Cochran-Smith, M., & Lytle, S. L. (1999). Relationships of knowledge and practice: Teacher learning in communities. Review of Research in Education, 249-305. doi: 10.3102/0091732X024001249
Cochran-Smith, M., & Lytle, S. L. (Eds.) (1993). Inside/outside: Teacher research and knowledge. New York, NY, USA: Teachers College Press.
Darling-Hammond, L., & Bransford, J. (Eds.). (2007). Preparing teachers for a changing world: What teachers should learn and be able to do. Hoboken, NJ, USA: John Wiley & Sons.
Fuller, F. F., & Manning, B. A. (1973). Self-confrontation reviewed: A conceptualization for video playback in teacher education. Review of Educational Research, 43(4), 469–528.
Gaudin, C., & Chaliès, S. (2015). Video viewing in teacher education and professional development: A literature review. Educational Research Review, 16, 41-67. doi: 10.1016/j.edurev.2015.06.001
Goldman, R., Pea, R., Barron, B., & Derry, S. J. (Eds.) (2014). Video research in the learning sciences. Mahwat, NJ, USA: Lawrence Erlbaum.
Hattie, J. (2009). Visible learning: A synthesis of over 800 meta-analyses relating to achievement. New York, NY, USA: Routledge.
Hattie, J. (2012). Visible learning for teachers: Maximizing impact on learning. New York, NY, USA: Routledge.
Kaiser, G., Blömeke, S., Koenig, J., Busse, A., Doehrmann, M., & Hoth, J. (2017). Professional competencies of (prospective) mathematics teachers—cognitive versus situated approaches. Educational Studies in Mathematics, 94(2), 161-182.
Kersting, N., Givvin, K. B., Thompson, B., Santagata, R., & Stigler, J. (2012). Measuring usable knowledge: Teachers’ analyses of mathematics classroom videos predict teaching quality and student learning. American Education Research Journal, 49(3), 568-589. doi:10.3102/0002831212437853
Kpanja, E. (2001). A study of the effects of video tape recording in microteaching training. British Journal of Educational Technology, 32(4), 483–486. doi:10.1111/1467-8535.00215
Lee, H. (2005). Understanding and assessing preservice teachers’ reflective thinking. Teaching and Teacher Education, 21(6), 699-715. doi:10.1016/j.tate.2005.05.007
Lewis, C., Perry, R., & Hurd, J. (2004). A deeper look at lesson study. Educational Leadership, 61(5), 18-22.
Michalsky, T. (2014). Developing the SRL-PV assessment scheme: Preservice teachers’ professional vision for teaching self-regulated learning. Studies in Educational Evaluation, 43, 214–229. doi: 10.1016/j.stueduc.2014.05.003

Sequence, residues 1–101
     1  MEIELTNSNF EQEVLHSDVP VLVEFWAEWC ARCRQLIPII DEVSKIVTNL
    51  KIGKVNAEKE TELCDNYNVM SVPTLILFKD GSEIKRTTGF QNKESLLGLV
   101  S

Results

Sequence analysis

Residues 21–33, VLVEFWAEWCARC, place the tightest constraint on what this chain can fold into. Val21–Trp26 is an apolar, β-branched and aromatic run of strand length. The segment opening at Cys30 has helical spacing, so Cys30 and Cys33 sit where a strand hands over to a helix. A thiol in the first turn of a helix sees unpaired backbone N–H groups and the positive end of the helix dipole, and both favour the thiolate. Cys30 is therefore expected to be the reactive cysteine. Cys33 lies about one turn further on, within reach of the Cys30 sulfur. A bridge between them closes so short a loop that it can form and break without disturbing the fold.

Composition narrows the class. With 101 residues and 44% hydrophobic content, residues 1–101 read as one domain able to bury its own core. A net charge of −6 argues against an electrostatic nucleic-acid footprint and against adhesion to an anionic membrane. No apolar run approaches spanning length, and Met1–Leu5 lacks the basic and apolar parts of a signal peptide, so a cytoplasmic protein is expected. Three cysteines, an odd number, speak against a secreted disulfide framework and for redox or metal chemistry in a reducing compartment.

Mottet, G. (1997). La vidéo-formation. Autres regards, autres pratiques. Paris, FR: L’Harmattan.
Nye B., Konstantopoulos S., & Hedges L. V. (2004). How large are teacher effects? Educational Evaluation and Policy Analysis, 26, 237-257. doi: 10.3102/01623737026003237
OECD (2005). Teachers matter Attracting, developing and retaining effective teachers – Final report. Paris, FR: Organisation for Economic Co-operation and Development. Retrieved from: http://www.oecd.org/edu/school/attractingdevelopingandretainingeffectiveteachers-finalreportteachersmatter.htm#EO
Pea, R. D. (2006). Video-as-Data and Digital Video Manipulation Techniques for Transforming Learning Sciences Research, Education, and Other Cultural Practices. In J. Weiss, J. Nolan, & P. Trifonas (Eds.), The International Handbook of Virtual Learning Environments. Dordrecht (pp. 1321–1393). Dordrecht, NL: Kluwer Academic Publishing.
Plöger, W., Scholl, D., & Seifert, A. (2018). Bridging the gap between theory and practice – The effective use of videos to assist the acquisition and application of pedagogical knowledge in pre-service teacher education. Studies in Educational Evaluation, 58, 197–204. doi: 10.1016/j.stueduc.2017.12.009
Sabers, D., Cushing, K. S., & Berliner, D. C. (1991). Differences among teachers in a task characterized by simultaneity, multidimensionality, and immediacy. American Educational Research Journal, 28, 63–88.
Sanders, W. L., & Rivers, J. C. (1996). Cumulative and residual effects of teachers on future student academic achievement. Knoxville, TN, USA: University of Tennessee Value-Added Research Center.
Santagata, R., & Angelici, G. (2010). Studying the impact of the lesson analysis framework on preservice teachers’ abilities to reflect on videos of classroom teaching. Journal of teacher education, 61(4), 339-349. doi: 10.1177/0022487110369555
Santagata, R., & Guarino, J. (2011). Using video to teach future teachers to learn from teaching. ZDM Mathematics Education, 43, 133–145. doi: 10.1007/s11858-010-0292-3